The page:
I don't live in Japan, but living in New York is the next best thing. We may not have an organized Japan Town the way LA and San Francisco do, but there are a ton of Japanese-related things to do here. We've already turned the first page on the 2010 calendar – and we're nearing the completion of the second week of February! – and I've taken a moment to reflect upon the cultural highlights of January. Among the highlights: I wrote my first story for Baseball Reflections, met a Japanese singer who dresses as a maid, was interviewed by a major Japanese television network, heard Bobby Valentine speak at the Japan Society, saw a Japanese dance performance, and attended the aforementioned maid's show at a karaoke place, and had a couple of great Japanese classes.
"I'm just a bunny who doesn't speak English very well . . ."
In my ongoing attempt to learn about Japan's (and New York's) otaku culture, I met Reni-chan. I've written about Reni and her Japanese "Maid" Shows for examiner.com. I decided that in order to learn more about the phenomenon of cosplay culture in NYC, I should get to know more about Reni and why she dresses as a maid with bunny ears. Reni's manager, Agent Sato, was kind enough to arrange an interview at NHK studios in Midtown Manhattan. NHK followed Reni around the entire month of January, recording her every move for New York Wave, a documentary that is scheduled to air in Japan in early March. Meeting her was a treat, and she told me that she felt more comfortable being interviewed by a female.
The interviewer becomes the interviewee
Agent Sato scheduled my interview with Reni at the NHK studios so that the New York Wave documentarians could record a portion of it. I'm thrilled by the prospect of appearing on Japanese television, but I realize that the editors have a month's worth of footage for a twenty-minute program. Therefore, the likelihood of my face ending up on the cutting-room floor is high. The premise of the show centers around New Yorkers – not necessarily Japanese, not necessarily American – who have become successful through creative ideas. Hiroshi Noguchi, the director of the documentary, first learned about Reni after his daughter saw her at the New York Anime Festival last September. He was intrigued – as I was – about how a Japanese person with limited English speaking skills can come to New York and create a niche for herself among an obscure fan base. When he asked me what interested me about Reni, my response was, "I'm fascinated by people who are fascinated with Reni."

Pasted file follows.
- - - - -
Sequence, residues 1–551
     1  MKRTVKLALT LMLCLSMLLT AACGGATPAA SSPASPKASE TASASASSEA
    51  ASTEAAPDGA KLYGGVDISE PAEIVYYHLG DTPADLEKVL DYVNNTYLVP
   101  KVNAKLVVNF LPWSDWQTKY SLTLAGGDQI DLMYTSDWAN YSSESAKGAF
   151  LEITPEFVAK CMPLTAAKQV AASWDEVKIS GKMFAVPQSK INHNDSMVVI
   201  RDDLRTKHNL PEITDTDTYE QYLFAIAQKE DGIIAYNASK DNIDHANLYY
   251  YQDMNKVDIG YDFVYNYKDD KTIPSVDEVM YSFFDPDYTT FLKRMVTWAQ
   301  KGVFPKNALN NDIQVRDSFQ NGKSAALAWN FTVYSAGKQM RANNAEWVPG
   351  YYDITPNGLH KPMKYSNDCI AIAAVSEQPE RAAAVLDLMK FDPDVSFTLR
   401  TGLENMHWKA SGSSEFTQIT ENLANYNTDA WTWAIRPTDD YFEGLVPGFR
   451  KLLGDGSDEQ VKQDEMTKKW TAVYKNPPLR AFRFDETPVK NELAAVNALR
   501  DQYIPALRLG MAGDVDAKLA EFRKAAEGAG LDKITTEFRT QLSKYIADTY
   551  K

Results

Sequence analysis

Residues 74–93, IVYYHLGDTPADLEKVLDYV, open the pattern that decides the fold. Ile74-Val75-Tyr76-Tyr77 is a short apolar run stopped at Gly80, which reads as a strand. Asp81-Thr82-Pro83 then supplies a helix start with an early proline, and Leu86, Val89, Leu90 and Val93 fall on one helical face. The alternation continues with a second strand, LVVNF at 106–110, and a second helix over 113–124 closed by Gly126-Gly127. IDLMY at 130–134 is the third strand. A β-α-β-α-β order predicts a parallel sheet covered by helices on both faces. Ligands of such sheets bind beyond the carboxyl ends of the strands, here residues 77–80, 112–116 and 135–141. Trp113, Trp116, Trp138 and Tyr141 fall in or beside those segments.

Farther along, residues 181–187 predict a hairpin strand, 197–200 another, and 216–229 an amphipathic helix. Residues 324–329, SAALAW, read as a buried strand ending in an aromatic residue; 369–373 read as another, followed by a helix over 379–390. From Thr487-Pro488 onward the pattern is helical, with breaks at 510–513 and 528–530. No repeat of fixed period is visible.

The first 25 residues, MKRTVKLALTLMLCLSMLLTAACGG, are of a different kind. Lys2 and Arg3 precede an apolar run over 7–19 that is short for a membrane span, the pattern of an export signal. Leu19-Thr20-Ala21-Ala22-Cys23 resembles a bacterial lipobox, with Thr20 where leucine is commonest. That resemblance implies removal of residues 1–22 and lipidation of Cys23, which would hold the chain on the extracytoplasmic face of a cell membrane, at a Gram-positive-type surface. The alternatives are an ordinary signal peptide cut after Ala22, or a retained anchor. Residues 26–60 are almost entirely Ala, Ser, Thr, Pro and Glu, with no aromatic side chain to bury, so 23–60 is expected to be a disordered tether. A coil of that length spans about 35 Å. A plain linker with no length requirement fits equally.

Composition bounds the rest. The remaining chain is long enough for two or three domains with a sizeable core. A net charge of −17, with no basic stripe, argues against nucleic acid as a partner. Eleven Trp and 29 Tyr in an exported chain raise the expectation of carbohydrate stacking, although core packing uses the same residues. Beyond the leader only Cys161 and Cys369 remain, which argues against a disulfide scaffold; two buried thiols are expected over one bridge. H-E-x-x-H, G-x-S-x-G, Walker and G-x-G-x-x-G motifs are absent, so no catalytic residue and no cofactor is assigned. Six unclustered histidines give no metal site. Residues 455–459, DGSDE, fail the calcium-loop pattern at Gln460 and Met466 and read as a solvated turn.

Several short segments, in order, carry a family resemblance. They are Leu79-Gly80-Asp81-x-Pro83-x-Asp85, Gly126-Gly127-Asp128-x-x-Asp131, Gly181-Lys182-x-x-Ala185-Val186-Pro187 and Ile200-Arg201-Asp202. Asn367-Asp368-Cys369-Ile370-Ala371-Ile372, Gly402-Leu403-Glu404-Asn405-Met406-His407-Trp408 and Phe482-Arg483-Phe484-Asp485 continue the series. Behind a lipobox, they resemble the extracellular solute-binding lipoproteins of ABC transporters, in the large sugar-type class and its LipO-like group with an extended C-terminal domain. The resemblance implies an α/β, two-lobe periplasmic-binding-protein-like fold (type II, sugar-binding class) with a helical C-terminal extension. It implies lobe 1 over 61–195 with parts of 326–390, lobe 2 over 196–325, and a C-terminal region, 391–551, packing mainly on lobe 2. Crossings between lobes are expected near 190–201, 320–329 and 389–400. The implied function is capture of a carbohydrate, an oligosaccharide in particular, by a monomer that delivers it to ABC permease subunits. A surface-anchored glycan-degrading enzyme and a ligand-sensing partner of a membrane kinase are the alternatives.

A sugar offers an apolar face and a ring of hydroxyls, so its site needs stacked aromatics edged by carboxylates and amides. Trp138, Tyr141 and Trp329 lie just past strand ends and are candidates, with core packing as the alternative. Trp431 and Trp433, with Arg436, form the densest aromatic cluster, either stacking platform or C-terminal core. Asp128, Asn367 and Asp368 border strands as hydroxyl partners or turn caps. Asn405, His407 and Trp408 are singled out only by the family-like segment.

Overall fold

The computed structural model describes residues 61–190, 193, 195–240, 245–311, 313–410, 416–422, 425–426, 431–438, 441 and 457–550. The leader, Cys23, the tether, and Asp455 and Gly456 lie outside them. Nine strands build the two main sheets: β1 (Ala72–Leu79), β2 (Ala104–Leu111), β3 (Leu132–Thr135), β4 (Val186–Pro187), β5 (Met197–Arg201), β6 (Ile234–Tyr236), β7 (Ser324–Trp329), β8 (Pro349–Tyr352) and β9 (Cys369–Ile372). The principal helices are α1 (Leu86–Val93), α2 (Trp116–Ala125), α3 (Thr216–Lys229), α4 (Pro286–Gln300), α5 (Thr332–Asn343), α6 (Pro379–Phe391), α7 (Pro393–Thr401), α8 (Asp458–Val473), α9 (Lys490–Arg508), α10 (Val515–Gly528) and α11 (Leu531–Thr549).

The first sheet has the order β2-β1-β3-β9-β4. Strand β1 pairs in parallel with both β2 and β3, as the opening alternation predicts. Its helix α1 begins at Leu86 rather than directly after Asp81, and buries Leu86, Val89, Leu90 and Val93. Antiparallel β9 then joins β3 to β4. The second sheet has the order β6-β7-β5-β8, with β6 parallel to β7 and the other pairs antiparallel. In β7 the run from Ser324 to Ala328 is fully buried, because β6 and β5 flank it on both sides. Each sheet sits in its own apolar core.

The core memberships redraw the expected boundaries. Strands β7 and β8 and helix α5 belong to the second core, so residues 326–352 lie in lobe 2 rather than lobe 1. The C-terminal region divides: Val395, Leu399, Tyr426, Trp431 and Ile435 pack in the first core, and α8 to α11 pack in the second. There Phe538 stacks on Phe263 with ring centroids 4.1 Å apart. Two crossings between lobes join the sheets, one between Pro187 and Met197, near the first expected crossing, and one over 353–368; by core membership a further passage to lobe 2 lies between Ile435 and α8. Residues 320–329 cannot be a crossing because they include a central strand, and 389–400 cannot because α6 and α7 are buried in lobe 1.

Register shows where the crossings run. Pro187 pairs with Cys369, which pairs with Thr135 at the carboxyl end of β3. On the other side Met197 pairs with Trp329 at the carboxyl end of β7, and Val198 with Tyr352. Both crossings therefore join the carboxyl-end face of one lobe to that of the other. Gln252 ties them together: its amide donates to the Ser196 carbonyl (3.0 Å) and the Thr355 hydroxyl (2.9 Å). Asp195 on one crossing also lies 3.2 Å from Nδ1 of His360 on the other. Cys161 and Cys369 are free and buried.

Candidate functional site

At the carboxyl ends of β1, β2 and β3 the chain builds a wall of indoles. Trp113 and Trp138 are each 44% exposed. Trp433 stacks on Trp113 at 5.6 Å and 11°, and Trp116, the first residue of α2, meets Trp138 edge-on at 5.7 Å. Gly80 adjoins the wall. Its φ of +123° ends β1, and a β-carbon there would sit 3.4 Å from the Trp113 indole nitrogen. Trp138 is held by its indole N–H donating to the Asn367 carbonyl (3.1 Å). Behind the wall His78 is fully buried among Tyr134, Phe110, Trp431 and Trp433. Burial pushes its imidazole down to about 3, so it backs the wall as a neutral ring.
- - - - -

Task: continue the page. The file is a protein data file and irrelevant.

Japanese Maid Show at a Karaoke Bar
A few days after meeting and interviewing Reni, I attended her Maid Show at Karaoke Top Tunes. There I met people who are fascinated by Reni and with Japan's anime and cosplay culture in general. Many young people were dressed as their favorite anime characters and sang along with Reni and her guests. Although many people there seemed unashamed of their costumes, I spoke to a couple of people who don't like to advertise their love of anime. "I'm an adult; I'm a professional," says Brandon, someone who considers himself an otaku but admits it to only likeminded friends. Ari, who played football in high school, kept his otaku leanings and cosplay activities a secret until he met friends in college who shared his passion. The show was actually more entertaining that I anticipated, and Reni's performance proved to me that she's actually a good singer. Make no mistake; Reni isn't just a bunny. She's an intelligent, talented person who seems genuinely devoted to her growing fan base. My study of otaku/anime/cosplay continues, so you haven't heard the last of Reni.
Q&A with Bobby V.
The highlight of last month was by far Bobby Valentine's lecture at the Japan Society. A few blogs linked to the blog entry I wrote. I thought that was cool. MetsBlog.com and Amazin' Avenue used one quote from the Q&A blog entry to speculate about the possibility of Bobby V.'s return to managing the Mets. I think it's amazing how one quote can spark a conversation.
The second week of February is nearing an end, and my Japanese cultural adventures continue. Learning to speak Japanese. Food forum at the Japan Society (article forthcoming). My next installment for Baseball Reflections.